Academic journal article International Review of Mission

The Politics of Preaching to Exiles

Academic journal article International Review of Mission

The Politics of Preaching to Exiles

Article excerpt

Metaphors of exilic struggle in the black diaspora

In 1969 a reggae song reached number one in the British pop charts. This song was written by the artist Desmond Decca, a Jamaican who came to Britain to start a new life, just as the earlier post-war immigrants from the Caribbean did. What was interesting about that song, and what is significant for my paper at this conference, is the dominant image projected by the title and by the repeated refrain, viz. The Israelites.

The song used the imagery of the wandering of the biblical Israelites as a lens through which one may understand the struggles and sufferings of black people in Britain, both as captives and as freed people. For Decca and others, The Israelites was a metaphor for people on the move, people in transition, people struggling in the diaspora, people caught up in an ideological, spiritual, economic, and social bind from which they could not be freed without a creative struggle.

For other popular cultural artists with a Caribbean heritage, such as dub poets and traditional calypsonians (who are often seen as social prophets), and reggae artists with a Garveyestic or Rastafarian motif, such as Bob Marley and Winston Rodney, alias Burning Spears, the term Babylon became a more dominant metaphor for depicting the whole experience of oppression and the struggle of black people in the West, and in the so-called third world. These artists depict this experience as a captivity or exile, and parallel it with the Hebrews in the Babylonian exile, or with the people of God in the apocalypse who are pictured as being oppressed by a beast-like power, and are awaiting their day of redemption.

Lyrical proclamation as a subversive strategy of resistance and empowerment

Through their songs of protest and resistance, these singers intend to educate the captives about their true history, worth and destiny. The artists tell the story of a strong, creative, noble and peace-loving people who now suffer both spiritually and economically as a result of colonial and postcolonial exploitation. Their songs also image the people's contemporary struggles against racial prejudice, powerlessness, their lack of access to facilities, poor housing and education, and an uneasy relation with the criminal justice system and the police, who are often seen as the visible presence of Babylon's system. These public lyrical discourses, which are also known as roots music, conscious music, or redemption music, may also be seen as forms of prophetic and poetic preaching done outside the traditional Christian communities, and which seek to empower and re-orientate captives toward an eschatological chanting down of Babylon. This would not be unexpected, as some have pointed out that Garveyism and Rastaf arianism could be seen as early attempts to develop a liberation theology for the Caribbean. [1]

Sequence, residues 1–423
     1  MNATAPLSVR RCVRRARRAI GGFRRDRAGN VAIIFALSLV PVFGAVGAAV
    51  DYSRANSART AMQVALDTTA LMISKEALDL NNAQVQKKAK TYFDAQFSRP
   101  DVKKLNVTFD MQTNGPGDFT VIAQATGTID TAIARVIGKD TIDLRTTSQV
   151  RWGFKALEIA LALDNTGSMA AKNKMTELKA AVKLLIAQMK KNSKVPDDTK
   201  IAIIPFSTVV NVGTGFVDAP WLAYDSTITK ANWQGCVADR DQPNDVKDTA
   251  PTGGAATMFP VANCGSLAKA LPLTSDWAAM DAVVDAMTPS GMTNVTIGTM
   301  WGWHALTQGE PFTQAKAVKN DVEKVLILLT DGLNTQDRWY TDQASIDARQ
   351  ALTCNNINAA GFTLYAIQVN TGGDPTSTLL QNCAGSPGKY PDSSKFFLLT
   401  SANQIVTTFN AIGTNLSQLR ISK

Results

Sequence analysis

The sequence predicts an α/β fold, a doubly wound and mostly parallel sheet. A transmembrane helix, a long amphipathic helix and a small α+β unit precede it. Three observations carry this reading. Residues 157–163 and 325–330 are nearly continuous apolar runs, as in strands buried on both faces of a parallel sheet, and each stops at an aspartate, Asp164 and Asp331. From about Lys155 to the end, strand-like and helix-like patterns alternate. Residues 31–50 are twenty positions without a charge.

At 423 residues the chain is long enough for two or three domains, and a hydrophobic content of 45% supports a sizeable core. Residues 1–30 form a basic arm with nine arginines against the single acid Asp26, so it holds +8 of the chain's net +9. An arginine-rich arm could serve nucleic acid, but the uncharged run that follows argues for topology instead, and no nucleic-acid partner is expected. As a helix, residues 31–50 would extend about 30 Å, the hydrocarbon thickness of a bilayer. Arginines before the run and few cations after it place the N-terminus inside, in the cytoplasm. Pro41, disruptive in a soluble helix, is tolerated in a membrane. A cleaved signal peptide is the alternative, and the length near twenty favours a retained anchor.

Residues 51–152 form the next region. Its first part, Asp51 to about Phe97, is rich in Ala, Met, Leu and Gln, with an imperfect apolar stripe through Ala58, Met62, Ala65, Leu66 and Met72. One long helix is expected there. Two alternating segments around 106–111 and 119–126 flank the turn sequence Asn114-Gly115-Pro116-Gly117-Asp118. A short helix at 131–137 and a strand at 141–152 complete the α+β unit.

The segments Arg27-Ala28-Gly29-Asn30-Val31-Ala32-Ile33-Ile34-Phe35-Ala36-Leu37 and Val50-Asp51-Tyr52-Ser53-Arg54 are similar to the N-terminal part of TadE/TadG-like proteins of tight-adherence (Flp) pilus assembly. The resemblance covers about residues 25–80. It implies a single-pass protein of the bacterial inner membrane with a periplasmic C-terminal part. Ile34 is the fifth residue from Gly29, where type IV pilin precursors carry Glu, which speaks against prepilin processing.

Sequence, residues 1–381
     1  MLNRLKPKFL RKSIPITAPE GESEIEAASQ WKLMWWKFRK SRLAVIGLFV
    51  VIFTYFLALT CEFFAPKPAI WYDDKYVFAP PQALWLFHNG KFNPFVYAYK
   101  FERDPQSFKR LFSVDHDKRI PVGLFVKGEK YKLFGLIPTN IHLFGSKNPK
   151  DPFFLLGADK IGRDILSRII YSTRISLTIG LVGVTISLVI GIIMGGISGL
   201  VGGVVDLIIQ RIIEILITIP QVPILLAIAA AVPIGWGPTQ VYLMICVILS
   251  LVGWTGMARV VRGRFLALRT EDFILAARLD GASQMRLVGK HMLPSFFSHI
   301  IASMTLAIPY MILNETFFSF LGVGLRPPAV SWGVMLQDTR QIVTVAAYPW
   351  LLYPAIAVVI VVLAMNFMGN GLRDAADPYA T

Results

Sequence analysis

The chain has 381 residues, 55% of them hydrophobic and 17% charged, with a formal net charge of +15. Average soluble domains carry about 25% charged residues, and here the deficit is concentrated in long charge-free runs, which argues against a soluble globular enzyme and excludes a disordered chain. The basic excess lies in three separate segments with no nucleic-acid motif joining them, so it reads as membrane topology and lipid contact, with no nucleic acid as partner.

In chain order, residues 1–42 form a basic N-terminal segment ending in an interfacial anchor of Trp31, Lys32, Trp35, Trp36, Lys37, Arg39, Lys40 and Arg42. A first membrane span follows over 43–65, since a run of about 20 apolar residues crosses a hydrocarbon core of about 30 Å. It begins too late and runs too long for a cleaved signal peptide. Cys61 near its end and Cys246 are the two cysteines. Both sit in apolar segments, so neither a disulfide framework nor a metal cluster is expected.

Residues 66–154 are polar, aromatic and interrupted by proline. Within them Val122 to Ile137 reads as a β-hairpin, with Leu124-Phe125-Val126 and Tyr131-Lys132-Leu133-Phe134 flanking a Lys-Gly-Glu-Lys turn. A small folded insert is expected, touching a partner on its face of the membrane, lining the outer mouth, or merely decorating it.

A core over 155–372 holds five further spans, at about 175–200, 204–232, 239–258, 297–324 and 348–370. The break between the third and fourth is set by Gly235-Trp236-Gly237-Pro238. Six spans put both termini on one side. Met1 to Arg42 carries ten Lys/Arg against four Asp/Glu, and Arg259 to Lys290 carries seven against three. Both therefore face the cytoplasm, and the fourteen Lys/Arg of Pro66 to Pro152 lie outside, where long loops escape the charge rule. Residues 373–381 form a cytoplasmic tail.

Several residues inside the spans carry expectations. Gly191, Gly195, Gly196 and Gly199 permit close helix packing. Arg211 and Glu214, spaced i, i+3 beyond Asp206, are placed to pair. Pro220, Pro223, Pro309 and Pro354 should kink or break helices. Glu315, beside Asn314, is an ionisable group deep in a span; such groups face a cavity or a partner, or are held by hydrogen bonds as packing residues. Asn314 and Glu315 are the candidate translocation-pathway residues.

Today, when black people hear the word Babylon, it conjures up in their minds a sense of exile and estrangement in the black diaspora. For Ennis Edmonds, Babylon has come to represent anything from a personal struggle or hardship in the diaspora, to the entire oppressive power structures derived from colonial and postcolonial enterprises, their ideologies, their religious and political apparatus, and even their educational and legal institutions and values. [2] Edmonds says:

Globally, Babylon is that worldly state in which the struggle for power and possessions takes precedence over the cultivation of human freedom and the concern of human dignity. [3]

The images of Babylon, captivity, and the ancient Israelites may all be used as synonyms to refer to the contexts of struggle in which black Christians must now teach, pastor and preach, whether that context is Britain, France, Germany or another' European country or international context. The exilic metaphor remains for us, then, a fertile missiological crescent for theologizing and for developing a contextual Christian proclamation, or a spiritual chanting for empowering captives and enlightening captors. …

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